Legumes Cut Diabetes Risk by 35%

Legumes Cut Diabetes Risk by 35%
Legumes have long been touted as a weapon against diabetes, and now it’s confirmed: Researchers at Spain’s Rovira i Virgili University analyzed 3,349 participants at high risk of cardiovascular disease but without type 2 diabetes. After four years of follow-up, they found that individuals with a higher consumption (28.75 grams a day) of lentils, chickpeas, beans, and peas had a 35 percent lower risk of developing diabetes compared to individuals who consumed fewer total legumes (12.73 grams a day).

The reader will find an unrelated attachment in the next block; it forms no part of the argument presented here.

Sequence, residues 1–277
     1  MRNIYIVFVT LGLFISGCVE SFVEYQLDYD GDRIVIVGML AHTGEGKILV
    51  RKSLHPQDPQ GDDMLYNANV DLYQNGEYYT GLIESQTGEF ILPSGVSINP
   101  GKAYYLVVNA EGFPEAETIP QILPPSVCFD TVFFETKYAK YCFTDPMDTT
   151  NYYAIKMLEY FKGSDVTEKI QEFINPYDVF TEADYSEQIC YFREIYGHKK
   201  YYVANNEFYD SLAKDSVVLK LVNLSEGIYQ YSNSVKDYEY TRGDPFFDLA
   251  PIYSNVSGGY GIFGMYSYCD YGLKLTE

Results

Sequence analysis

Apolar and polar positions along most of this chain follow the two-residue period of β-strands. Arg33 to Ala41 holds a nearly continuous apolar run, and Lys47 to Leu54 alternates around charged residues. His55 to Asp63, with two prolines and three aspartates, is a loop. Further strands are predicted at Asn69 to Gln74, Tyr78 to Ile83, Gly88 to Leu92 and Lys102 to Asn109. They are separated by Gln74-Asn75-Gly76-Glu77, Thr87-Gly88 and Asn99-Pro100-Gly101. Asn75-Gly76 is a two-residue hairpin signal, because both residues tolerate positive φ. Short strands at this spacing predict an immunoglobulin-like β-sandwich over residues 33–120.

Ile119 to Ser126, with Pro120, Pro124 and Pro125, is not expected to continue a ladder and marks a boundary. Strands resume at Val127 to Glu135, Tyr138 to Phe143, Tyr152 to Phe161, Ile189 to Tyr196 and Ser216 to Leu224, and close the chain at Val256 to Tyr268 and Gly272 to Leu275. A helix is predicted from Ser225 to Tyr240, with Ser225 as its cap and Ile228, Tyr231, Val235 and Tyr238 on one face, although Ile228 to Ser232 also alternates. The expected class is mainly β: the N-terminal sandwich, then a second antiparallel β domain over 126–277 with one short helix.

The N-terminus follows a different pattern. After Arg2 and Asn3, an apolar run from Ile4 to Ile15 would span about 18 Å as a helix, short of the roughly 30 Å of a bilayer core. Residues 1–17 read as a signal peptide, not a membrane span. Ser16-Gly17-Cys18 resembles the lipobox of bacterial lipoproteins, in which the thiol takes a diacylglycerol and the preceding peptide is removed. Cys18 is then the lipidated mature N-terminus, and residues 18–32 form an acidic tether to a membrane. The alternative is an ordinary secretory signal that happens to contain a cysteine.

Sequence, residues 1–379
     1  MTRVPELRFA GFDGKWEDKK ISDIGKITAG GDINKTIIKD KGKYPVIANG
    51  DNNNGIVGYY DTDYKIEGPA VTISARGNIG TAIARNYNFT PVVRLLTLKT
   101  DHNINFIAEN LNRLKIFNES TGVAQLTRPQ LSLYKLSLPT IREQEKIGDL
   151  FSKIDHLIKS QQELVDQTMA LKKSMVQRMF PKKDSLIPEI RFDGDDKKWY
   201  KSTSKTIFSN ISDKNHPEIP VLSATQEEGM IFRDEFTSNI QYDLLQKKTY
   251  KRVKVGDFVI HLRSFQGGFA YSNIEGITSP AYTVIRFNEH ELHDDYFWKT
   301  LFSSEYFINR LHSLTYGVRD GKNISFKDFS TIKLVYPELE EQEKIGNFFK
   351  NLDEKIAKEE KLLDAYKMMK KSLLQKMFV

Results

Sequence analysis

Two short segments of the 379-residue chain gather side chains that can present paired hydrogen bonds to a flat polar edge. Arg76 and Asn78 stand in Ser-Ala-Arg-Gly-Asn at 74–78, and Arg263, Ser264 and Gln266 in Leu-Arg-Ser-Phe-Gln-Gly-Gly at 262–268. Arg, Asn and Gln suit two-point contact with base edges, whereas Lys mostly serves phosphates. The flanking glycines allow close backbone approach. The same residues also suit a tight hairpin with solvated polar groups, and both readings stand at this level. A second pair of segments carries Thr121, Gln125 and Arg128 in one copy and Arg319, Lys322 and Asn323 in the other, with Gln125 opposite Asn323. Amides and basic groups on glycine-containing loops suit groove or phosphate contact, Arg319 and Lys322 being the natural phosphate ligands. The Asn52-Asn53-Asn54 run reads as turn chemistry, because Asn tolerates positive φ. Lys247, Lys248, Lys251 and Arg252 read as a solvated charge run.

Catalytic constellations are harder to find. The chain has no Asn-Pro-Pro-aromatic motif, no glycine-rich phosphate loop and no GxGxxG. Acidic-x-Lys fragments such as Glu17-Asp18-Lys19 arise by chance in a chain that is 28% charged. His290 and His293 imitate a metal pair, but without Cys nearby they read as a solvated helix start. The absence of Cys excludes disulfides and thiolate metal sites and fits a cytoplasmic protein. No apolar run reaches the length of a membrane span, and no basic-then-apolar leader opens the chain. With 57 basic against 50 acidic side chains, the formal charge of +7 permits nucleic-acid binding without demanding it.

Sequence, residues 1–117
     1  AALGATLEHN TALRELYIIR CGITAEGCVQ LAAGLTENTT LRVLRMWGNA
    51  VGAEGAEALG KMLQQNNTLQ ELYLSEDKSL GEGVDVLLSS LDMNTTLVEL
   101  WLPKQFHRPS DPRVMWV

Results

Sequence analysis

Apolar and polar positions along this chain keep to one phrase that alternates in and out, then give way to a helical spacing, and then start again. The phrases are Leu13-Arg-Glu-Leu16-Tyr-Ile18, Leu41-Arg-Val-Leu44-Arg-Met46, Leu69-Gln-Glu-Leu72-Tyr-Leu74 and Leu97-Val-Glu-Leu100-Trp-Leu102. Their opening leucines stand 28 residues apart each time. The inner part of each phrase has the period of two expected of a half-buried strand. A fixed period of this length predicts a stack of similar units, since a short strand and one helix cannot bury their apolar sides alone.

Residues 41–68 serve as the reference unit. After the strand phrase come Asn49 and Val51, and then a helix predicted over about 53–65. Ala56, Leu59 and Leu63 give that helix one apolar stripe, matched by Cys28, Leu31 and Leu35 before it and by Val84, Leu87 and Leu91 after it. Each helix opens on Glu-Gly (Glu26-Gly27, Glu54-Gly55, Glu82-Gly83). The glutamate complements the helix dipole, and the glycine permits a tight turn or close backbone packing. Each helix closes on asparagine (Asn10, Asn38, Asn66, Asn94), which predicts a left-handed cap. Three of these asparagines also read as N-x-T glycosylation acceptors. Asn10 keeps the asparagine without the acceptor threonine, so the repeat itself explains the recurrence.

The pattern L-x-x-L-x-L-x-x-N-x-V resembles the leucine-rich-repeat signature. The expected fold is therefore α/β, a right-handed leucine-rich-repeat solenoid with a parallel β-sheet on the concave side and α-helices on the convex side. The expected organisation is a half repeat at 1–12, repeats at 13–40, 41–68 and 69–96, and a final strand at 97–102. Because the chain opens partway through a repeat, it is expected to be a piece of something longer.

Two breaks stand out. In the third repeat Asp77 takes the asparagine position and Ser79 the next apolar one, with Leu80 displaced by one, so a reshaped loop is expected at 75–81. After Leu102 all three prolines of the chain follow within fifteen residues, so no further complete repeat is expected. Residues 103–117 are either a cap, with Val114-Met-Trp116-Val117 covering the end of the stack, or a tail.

Rich in B vitamins, minerals, and fiber, legumes rank low on the glycemic index, meaning that they do not cause spikes in blood glucose levels. The researchers found that substituting half a daily serving of legumes (particularly lentils) for foods rich in protein or simple carbohydrates (including eggs, bread, rice, and baked potato) was also associated with a lower diabetes risk.